217 F.2d 388
Richard H. WALSH, Appellant,
BEKINS VAN LINES CO., a corporation, Appellee.
United States Court of Appeals Eighth Circuit.
December 21, 1954.
Walter S. Berkman, St. Louis, Mo. (Kappel & Neill, St. Louis, Mo., were with him on the brief), for appellant.
Fred B. Whalen, St. Louis, Mo. (James R. O'Connor, St. Louis, Mo., was with him on the brief), for appellee.
Before SANBORN, WOODROUGH and JOHNSEN, Circuit Judges.
SANBORN, Circuit Judge.
Richard H. Walsh on the morning of March 15, 1953, drove his DeSoto automobile from St. Louis, Missouri, where he resided, to Jefferson City, Missouri, to attend a Knights of Columbus initiation. He left Jefferson City on his return trip about 7:30 P. M., driving east on Highway 40, which has a two-lane concrete pavement at least 20 feet wide. Near Wright City, Missouri, at about 9:30 P. M., the Walsh car had a collision with a tractor-trailer belonging to Bekins Van Lines Co., which was traveling west. Walsh was injured. He brought this action against the Van Lines Co. for compensation for his injuries, upon the claim that the negligence of the driver of the tractor-trailer caused the collision. The defendant (appellee) denied liability and asserted that Walsh was negligent in the operation of his car.
The issues were tried to a jury, which returned a verdict for the defendant, upon which judgment was entered. The plaintiff has appealed. He asserts that "The court erred in refusing to permit witness Smith, when asked by counsel for appellant on redirect examination, to explain what he meant by the statements read from his deposition during his cross-examination which were inconsistent with his direct testimony."
The main issue upon the trial was whether the tractor-trailer of the defendant had invaded the south lane in which Walsh was traveling east or whether Walsh had invaded the north lane in which the tractor-trailer was going west. It is unnecessary to detail the evidence. That of the plaintiff's witnesses tended to show that the tractor had swerved a short distance over the center line into the south lane. The evidence on behalf of the defendant indicated that the Walsh car had been driven across the center line and into the tractor, striking the left saddle tank back of the cab.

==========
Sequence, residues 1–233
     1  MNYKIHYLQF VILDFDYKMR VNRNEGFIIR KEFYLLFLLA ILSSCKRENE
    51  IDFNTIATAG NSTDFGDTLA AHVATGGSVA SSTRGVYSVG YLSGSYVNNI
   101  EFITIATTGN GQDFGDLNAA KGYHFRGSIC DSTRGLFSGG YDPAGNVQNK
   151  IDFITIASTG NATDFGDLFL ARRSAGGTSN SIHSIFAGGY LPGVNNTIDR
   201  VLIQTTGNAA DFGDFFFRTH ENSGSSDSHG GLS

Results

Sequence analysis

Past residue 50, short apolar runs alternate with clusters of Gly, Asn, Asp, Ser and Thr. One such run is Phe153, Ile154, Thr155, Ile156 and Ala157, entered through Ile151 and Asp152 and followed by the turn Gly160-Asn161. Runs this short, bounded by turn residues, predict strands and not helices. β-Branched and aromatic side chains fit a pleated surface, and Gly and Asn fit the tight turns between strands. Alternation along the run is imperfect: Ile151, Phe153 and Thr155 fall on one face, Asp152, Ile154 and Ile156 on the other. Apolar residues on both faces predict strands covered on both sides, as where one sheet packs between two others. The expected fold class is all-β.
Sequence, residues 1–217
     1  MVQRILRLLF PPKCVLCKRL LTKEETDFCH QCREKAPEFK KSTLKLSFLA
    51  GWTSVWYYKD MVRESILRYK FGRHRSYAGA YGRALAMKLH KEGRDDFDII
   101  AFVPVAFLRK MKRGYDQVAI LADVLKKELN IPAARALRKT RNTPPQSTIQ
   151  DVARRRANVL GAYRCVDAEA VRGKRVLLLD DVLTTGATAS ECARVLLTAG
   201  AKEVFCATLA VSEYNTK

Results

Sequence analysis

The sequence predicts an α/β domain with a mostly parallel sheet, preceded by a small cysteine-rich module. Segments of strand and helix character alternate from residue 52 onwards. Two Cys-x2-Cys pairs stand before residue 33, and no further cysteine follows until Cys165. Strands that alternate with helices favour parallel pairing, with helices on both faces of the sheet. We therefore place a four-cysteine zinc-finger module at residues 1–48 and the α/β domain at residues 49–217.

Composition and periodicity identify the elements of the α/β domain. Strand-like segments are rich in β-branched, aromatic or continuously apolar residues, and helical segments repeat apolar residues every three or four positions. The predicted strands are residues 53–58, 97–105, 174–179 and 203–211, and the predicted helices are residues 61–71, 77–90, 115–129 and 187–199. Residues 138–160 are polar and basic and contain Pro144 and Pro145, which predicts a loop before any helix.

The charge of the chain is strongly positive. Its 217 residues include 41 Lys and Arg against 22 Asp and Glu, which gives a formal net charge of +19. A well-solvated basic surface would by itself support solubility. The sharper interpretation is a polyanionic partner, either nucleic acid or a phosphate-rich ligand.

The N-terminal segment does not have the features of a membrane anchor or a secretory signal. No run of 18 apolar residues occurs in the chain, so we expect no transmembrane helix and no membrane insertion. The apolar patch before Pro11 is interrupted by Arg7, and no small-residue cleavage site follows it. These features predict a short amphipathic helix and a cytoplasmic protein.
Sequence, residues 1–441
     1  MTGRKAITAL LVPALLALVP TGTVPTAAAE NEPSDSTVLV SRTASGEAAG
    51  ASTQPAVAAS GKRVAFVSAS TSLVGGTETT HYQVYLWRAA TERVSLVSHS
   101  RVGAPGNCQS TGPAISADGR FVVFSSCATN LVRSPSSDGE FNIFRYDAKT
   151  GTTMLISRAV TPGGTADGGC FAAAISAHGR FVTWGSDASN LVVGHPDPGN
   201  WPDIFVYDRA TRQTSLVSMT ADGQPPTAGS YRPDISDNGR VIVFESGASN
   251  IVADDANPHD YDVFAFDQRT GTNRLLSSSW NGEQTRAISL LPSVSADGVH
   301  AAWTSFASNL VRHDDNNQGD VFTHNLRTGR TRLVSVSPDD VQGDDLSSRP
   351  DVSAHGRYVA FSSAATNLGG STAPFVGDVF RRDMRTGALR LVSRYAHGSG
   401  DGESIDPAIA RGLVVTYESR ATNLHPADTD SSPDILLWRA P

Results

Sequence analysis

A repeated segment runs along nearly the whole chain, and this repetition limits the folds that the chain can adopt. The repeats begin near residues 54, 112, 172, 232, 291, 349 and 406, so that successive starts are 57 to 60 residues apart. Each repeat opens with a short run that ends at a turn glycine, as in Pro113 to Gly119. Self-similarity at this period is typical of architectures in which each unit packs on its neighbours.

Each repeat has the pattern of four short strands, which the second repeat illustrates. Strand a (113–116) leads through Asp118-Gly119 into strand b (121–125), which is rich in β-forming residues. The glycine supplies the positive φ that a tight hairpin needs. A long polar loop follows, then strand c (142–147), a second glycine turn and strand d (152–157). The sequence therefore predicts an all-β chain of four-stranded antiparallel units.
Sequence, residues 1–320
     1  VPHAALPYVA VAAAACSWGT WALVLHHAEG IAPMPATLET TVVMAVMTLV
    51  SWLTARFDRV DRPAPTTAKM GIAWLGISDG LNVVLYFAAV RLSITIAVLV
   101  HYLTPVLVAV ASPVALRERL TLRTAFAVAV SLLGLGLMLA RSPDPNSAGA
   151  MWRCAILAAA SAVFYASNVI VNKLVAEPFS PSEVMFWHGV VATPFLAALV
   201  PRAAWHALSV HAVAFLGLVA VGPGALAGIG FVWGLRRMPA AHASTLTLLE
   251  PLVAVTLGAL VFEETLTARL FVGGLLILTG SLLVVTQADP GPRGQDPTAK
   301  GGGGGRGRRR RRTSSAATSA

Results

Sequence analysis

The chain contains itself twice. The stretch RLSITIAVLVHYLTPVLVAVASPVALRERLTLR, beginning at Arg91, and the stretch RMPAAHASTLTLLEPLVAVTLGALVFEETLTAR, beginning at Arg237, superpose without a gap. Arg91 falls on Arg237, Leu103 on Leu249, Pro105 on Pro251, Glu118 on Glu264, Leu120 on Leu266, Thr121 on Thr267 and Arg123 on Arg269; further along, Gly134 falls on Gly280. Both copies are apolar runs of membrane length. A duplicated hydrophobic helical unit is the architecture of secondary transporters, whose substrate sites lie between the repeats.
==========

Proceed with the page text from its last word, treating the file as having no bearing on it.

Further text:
The plaintiff's witness Smith, on direct examination, testified that just before the collision he was driving his car 150 to 200 feet behind the plaintiff's car, which was at all times about 18 inches to the right of the black line marking the center of the highway; that he (Smith) saw the tractor-trailer rounding the curve a quarter of a mile east of the viaduct near which the accident occurred; that when the tractor-trailer was near the plaintiff's car, he (Smith) saw "the truck make a dip over the line"; that "By `a dip'" he meant "a swerve, like a wheel hits something and the truck dips like this and then jerks back, or swerves, just make a swerve like the driver jerks it back"; that he saw a portion of the "truck" cross the center black line and saw the DeSoto strike the left saddle tank behind the cab of the tractor.